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From a past portrayed as present, and further into the past. Maserati was the first company to use the GTI badge, indicating Grand Touring International in its English translation. A decade and a half later, Volkswagen reinterpreted it as Grand Touring Injection, for obvious reasons. The Golf GTI began as a kind of after-hours, backroom project shortly after the Golf range was launched in 1974, its creators envisaging a ‘Sport Golf’ but initially generating no enthusiasm from mainstream management. Too soon after the energy crisis, they thought. And no-one had ever made a car quite like this before (Mini-Coopers, Fiat-Abarths and the like having apparently gone unnoticed in Wolfsburg), so the market was unproven.
The prototype turned out rather well, which prompted the marketing people to think of using the Sport Golf for motor sport and making 5000 of them. Between this cautious official approval and the 1975 Frankfurt motor show the new car gained its GTI name, and at the show it went down a storm. It went on sale in 1976, and that it would sell far more than 5000 examples soon became clear.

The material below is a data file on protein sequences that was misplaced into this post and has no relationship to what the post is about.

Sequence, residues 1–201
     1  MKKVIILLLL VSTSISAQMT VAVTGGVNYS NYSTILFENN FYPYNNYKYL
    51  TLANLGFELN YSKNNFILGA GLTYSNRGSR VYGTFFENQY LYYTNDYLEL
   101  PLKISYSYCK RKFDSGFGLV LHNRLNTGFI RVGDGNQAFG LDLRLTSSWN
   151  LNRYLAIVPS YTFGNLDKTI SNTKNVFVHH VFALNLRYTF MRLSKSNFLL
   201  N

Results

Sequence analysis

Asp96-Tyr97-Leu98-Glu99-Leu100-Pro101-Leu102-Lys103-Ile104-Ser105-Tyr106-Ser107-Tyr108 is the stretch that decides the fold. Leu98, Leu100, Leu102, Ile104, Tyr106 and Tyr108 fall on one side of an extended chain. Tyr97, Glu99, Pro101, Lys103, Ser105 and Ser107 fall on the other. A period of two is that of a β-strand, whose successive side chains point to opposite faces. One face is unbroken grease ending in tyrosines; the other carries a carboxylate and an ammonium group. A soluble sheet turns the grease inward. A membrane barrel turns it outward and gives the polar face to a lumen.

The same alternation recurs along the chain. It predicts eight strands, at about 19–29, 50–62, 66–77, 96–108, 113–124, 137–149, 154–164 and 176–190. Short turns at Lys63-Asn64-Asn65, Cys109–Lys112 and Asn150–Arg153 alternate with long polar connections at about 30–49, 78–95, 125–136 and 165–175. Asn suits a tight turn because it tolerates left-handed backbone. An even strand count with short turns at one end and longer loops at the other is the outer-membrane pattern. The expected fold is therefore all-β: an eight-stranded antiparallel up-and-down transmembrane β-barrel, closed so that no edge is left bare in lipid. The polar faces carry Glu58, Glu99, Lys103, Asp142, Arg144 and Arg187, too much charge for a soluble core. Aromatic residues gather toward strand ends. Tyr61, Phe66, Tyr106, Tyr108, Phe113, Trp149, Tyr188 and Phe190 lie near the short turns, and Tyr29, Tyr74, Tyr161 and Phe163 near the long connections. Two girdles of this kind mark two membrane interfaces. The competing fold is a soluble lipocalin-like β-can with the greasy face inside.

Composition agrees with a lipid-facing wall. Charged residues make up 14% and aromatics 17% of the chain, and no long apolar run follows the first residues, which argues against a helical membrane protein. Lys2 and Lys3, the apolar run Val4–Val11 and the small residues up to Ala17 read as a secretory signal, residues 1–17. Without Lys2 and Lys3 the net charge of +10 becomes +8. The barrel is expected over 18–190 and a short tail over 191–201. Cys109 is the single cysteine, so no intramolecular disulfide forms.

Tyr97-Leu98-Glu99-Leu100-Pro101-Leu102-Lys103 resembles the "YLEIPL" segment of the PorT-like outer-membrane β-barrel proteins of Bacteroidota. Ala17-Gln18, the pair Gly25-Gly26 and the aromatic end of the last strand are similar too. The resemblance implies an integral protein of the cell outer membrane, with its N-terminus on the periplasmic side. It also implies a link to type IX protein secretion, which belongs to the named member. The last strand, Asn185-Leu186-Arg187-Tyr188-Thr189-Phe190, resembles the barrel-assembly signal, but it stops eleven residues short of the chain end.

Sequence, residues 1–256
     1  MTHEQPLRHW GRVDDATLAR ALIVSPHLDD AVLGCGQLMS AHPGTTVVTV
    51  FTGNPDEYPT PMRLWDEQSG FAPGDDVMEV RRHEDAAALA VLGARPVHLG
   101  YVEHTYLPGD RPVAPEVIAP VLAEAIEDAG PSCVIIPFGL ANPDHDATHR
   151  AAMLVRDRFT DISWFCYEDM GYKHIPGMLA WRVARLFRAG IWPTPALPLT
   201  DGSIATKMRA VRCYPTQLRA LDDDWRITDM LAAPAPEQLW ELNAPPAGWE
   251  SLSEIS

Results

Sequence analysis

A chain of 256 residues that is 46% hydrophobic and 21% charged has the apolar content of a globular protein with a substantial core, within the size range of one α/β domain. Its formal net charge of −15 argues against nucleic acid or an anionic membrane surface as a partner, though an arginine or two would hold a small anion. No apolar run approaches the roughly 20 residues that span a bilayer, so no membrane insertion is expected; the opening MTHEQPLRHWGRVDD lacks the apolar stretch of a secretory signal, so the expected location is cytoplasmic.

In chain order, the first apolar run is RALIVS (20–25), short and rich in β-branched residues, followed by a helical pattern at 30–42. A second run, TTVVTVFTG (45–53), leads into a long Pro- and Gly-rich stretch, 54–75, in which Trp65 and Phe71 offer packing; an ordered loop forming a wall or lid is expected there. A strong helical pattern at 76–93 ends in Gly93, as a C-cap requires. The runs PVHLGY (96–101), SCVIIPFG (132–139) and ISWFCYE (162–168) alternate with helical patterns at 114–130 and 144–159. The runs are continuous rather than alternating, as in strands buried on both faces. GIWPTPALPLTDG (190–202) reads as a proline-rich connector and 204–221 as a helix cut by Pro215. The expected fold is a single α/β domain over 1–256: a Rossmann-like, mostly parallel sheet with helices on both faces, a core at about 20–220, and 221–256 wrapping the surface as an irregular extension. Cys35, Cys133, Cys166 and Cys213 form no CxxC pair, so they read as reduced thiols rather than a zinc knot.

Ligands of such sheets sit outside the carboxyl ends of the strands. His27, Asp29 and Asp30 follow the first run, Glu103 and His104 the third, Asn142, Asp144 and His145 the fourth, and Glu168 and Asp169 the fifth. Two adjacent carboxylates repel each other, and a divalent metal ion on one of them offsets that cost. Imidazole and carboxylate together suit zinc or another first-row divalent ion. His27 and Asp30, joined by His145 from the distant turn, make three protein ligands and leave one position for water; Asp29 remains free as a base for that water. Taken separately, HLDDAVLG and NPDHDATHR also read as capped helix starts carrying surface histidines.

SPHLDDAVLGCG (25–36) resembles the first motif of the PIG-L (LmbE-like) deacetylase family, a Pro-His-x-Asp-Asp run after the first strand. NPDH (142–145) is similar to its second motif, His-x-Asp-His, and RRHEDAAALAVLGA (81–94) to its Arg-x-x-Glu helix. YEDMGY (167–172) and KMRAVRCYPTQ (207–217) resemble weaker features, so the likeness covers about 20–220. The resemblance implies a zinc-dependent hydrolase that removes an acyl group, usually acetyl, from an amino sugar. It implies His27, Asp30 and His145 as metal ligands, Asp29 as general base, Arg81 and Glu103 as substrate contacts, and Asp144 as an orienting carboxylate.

The UK didn’t get its right-hand-drive examples until late 1978, helped by the conversion of a left-hand-drive example by Northern Irish VW dealer and rallyist Robert McBurney, who showed reluctant Wolfsburg engineers that it was not the ‘impossible’ task they claimed. Those early cars, with their 1588cc engines and 110bhp, had four-speed gearboxes. An extra gear was added round about the time of the Mk1’s minor facelift, which rendered the dashboard slightly plusher and less cliff-like and the rear lights larger. The GTI’s original tartan seat facings gave way to longitudinal stripes, too.
Then in 1983 the engine grew to 1781cc, and the final production year’s Campaign edition gained an extra, inner pair of headlamps and 14in Pirelli P-slot wheels. These wore 60-profile Pirelli P6 tyres, racier than the 70-profile rubber on 13in wheels used up to that point. How tiny those wheels seem today.